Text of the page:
Is the cost of transportation coming down?

For crew it is probably too early for that. Commercial crew hasn’t even flown yet. On our side it is a little bit premature to have a definitive trend yet.

Once there is more demand, would that lead to lower cost transportation?

That is the theory of free market principles. In human spaceflight it is not truly an open market. It is mostly government-sponsored. Both here in this country and in Russia and China. It is a constrained market. If a U.S. company comes up with a crew seat price, if China or Russia wants that business, since they are government organizations, they will probably just undercut that price. Not to say that they would but that is how things work in the real world. When we talk about ISS transition and our leadership position, those considerations will have to be factored in.

You’ve said ISS is hitting its stride. How so?

Beginning last year, we started to see a real interest in utilizing ISS from private industry like big pharmaceutical companies, consumer products companies and especially other government agencies like the National Institutes of Health. They have ramped up their utilization of ISS. On the NASA side, for our exploration research program, we are starting to knock out some of the risks in human spaceflight, like bone and muscle loss mitigation strategies. Those risks are starting to come down now as we work through all that research. And we are starting to fly some of our life support technology systems for testing. That will be coming online in the next few years as well. We are hitting all cylinders.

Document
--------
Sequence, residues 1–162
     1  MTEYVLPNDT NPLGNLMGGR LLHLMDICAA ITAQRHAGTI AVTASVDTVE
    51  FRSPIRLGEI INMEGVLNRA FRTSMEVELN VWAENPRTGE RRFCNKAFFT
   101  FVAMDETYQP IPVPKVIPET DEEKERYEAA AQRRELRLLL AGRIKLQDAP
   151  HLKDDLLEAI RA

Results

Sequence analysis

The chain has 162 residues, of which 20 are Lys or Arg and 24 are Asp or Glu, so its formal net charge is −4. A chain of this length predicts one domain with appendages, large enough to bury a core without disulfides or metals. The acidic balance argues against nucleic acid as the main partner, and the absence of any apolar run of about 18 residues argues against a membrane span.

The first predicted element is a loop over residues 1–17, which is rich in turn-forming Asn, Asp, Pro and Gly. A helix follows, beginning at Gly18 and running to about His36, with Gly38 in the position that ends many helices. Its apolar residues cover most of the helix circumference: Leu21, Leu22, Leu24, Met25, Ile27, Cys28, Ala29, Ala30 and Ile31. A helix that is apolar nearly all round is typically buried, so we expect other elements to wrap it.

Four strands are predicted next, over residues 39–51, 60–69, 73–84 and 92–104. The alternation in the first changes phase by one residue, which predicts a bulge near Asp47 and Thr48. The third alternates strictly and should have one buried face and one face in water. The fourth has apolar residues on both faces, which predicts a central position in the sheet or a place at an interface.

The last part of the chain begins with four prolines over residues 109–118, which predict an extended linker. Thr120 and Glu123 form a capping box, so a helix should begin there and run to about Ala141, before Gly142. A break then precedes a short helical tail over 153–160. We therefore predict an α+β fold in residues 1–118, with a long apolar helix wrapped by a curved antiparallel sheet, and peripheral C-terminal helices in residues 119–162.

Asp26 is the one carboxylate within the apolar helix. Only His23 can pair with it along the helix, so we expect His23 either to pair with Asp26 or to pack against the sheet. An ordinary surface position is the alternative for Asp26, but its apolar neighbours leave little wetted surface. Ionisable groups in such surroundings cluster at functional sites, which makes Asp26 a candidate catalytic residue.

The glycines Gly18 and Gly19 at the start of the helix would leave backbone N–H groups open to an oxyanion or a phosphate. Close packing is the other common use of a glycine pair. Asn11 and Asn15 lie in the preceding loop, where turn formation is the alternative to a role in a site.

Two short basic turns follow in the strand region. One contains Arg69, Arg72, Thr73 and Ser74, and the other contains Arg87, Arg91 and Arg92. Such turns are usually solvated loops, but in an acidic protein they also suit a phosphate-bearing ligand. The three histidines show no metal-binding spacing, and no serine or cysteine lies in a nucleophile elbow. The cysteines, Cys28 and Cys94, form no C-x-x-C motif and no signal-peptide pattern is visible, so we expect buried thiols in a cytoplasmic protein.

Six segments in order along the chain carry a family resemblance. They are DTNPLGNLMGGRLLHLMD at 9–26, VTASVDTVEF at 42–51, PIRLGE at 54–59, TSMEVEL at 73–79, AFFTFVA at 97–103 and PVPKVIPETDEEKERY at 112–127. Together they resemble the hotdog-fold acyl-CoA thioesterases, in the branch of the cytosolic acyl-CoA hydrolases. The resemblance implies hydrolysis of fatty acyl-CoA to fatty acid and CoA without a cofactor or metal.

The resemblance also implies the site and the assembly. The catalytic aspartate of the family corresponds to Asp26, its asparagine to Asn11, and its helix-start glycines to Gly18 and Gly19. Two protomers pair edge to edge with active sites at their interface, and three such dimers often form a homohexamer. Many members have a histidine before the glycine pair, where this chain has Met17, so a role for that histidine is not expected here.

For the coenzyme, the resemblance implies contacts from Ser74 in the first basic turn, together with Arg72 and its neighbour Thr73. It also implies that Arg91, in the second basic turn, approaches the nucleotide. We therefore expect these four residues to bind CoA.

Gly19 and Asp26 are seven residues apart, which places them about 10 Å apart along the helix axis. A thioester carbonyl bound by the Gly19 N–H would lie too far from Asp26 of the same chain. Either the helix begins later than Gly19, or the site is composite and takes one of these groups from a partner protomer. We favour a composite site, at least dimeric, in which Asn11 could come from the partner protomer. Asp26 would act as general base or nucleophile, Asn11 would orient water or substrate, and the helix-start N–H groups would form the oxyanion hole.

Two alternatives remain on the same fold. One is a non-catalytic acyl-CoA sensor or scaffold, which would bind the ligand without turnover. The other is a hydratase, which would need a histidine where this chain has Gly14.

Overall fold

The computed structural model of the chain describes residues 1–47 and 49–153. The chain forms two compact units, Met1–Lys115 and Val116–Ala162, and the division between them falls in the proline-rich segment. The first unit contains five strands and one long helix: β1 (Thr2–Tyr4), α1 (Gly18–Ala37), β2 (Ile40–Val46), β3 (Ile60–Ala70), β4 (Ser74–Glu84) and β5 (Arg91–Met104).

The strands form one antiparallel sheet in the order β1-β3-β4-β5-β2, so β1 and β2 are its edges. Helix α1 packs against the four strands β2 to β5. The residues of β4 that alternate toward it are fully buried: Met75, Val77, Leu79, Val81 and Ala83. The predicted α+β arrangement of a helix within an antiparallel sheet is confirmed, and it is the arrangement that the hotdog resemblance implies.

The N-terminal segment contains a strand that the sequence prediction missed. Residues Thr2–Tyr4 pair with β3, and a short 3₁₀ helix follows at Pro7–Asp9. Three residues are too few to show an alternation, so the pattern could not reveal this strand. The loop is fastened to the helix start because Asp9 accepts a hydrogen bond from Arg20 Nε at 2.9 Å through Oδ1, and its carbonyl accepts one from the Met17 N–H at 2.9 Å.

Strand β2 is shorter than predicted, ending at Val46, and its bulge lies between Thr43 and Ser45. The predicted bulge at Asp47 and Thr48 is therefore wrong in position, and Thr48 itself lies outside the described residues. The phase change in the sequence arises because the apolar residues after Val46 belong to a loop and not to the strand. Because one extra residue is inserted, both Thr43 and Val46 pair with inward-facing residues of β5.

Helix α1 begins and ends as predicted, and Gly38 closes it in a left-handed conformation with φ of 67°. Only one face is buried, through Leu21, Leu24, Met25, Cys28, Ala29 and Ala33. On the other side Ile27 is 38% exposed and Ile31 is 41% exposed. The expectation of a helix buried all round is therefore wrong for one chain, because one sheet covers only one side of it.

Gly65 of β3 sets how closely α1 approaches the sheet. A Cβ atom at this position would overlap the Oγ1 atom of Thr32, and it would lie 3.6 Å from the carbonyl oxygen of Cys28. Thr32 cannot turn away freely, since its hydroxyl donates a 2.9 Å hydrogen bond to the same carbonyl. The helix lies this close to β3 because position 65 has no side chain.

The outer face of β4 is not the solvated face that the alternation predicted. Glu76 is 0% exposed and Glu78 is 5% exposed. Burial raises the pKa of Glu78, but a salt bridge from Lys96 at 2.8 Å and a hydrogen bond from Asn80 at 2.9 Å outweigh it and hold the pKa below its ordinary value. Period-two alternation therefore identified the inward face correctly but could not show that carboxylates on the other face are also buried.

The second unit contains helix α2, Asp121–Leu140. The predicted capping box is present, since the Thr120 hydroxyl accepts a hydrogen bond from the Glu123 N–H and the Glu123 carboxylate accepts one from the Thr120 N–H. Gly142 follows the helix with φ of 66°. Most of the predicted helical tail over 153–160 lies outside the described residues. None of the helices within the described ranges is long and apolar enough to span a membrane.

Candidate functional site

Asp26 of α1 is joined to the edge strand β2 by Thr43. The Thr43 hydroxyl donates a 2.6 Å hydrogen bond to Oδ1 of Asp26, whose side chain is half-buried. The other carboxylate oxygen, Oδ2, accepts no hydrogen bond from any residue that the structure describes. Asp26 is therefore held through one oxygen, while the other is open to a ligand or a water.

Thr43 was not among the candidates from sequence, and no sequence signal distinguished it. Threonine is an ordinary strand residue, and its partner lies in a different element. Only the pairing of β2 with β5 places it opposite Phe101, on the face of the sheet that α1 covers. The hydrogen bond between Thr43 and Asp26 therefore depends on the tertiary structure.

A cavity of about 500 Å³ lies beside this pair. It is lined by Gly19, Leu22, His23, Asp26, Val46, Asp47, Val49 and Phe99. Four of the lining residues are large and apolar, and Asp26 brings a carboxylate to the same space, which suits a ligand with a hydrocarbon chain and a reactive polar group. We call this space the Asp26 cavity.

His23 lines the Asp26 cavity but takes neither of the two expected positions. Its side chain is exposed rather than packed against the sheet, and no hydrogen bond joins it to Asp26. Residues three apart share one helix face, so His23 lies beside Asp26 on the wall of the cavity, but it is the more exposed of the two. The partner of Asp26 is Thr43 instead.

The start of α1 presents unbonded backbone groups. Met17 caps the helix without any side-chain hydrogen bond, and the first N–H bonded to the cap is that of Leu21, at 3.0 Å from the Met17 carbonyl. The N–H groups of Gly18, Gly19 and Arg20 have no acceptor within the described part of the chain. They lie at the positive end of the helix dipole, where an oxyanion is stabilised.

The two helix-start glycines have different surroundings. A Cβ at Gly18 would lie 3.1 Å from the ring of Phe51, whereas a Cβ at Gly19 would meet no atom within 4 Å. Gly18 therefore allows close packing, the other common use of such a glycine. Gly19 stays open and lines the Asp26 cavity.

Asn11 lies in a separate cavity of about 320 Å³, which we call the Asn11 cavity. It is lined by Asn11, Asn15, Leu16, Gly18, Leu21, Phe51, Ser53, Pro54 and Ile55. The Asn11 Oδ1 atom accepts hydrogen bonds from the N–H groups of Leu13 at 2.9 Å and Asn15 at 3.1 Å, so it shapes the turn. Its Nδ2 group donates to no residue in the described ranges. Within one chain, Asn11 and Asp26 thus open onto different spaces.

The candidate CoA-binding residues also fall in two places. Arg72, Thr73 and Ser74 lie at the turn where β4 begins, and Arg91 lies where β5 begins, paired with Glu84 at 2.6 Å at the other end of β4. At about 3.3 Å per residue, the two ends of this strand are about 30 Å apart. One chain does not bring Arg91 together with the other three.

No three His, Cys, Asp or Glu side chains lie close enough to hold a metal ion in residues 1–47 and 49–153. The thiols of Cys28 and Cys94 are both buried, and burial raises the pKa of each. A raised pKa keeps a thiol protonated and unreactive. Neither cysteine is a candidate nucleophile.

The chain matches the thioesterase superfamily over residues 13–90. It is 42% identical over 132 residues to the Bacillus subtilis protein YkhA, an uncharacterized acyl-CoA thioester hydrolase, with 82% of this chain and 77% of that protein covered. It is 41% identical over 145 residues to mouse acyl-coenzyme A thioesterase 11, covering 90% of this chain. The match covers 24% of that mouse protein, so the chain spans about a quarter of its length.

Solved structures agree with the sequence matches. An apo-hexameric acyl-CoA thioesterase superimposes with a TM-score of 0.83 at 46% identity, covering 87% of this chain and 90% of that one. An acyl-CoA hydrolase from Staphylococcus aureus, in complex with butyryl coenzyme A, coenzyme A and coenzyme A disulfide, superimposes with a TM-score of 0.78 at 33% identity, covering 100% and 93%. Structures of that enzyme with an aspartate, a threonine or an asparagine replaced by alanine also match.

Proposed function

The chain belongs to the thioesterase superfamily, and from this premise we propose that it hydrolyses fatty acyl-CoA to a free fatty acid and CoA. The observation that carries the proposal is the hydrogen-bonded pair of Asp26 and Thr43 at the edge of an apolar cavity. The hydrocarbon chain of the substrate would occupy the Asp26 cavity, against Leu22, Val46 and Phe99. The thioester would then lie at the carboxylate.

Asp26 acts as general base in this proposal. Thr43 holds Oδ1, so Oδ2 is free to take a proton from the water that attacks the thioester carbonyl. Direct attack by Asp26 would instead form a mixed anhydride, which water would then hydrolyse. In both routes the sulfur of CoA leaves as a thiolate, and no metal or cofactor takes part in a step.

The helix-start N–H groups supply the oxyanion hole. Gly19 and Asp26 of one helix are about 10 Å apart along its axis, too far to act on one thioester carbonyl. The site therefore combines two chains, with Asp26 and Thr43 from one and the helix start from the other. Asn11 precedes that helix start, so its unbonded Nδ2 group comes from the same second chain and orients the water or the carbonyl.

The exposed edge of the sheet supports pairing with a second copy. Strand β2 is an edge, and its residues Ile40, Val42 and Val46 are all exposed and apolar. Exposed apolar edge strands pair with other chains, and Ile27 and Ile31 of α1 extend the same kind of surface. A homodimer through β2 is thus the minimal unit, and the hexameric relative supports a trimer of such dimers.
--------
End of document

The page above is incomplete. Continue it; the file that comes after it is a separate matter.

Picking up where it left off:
You’ve also said ISS hasn’t reached its full potential. What more could be done?

On the exploration side, there is still more work to be done at integrating across all of our disciplines, across operations, across system demonstrations, across human health and performance, integrating all of those together in a simulation of a long-duration deep space exploration activity on ISS. On the other side, there is still room for growth on the National Lab side on external users. There is still a lot of growth left in that area as far as volume.

Astronaut Ricky Arnold exits the Quest airlock June 14, beginning the sixth spacewalk of 2018. Credit: @OLEGMKS via Twitter
Astronaut Ricky Arnold exits the Quest airlock June 14, beginning the sixth spacewalk of 2018. Credit: @OLEGMKS via Twitter

There’s a Washington Post article about NASA talking with a commercial consortium about taking over ISS operations. What does that mean?

Our intention is to be able to turn over day-to-day operations of the ISS to private industry by the middle of the next decade. Within that, there could be partnerships between companies that actually operate the ISS based on a particular business plan that they all have.